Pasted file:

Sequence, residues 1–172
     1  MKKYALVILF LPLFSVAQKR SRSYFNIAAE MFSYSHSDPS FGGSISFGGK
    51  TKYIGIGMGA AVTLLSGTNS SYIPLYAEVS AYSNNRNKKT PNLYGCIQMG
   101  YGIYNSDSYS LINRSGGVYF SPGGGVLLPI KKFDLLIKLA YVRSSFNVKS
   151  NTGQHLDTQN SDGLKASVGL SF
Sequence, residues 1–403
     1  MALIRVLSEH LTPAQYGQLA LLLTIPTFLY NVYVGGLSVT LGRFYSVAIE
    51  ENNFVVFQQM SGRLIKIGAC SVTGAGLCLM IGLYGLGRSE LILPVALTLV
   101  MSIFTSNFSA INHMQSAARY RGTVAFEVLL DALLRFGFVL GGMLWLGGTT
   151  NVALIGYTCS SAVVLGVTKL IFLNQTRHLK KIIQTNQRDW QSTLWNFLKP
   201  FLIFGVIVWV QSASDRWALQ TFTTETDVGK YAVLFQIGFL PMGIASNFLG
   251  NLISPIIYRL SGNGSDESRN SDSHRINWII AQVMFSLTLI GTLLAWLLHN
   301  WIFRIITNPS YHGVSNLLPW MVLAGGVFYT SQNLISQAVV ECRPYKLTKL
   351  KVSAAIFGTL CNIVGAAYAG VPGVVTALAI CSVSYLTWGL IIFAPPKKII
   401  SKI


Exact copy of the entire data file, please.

Sequence, residues 1–172
     1  MKKYALVILF LPLFSVAQKR SRSYFNIAAE MFSYSHSDPS FGGSISFGGK
    51  TKYIGIGMGA AVTLLSGTNS SYIPLYAEVS AYSNNRNKKT PNLYGCIQMG
   101  YGIYNSDSYS LINRSGGVYF SPGGGVLLPI KKFDLLIKLA YVRSSFNVKS
   151  NTGQHLDTQN SDGLKASVGL SF
Sequence, residues 1–403
     1  MALIRVLSEH LTPAQYGQLA LLLTIPTFLY NVYVGGLSVT LGRFYSVAIE
    51  ENNFVVFQQM SGRLIKIGAC SVTGAGLCLM IGLYGLGRSE LILPVALTLV
   101  MSIFTSNFSA INHMQSAARY RGTVAFEVLL DALLRFGFVL GGMLWLGGTT
   151  NVALIGYTCS SAVVLGVTKL IFLNQTRHLK KIIQTNQRDW QSTLWNFLKP
   201  FLIFGVIVWV QSASDRWALQ TFTTETDVGK YAVLFQIGFL PMGIASNFLG
   251  NLISPIIYRL SGNGSDESRN SDSHRINWII AQVMFSLTLI GTLLAWLLHN
   301  WIFRIITNPS YHGVSNLLPW MVLAGGVFYT SQNLISQAVV ECRPYKLTKL
   351  KVSAAIFGTL CNIVGAAYAG VPGVVTALAI CSVSYLTWGL IIFAPPKKII
   401  SKI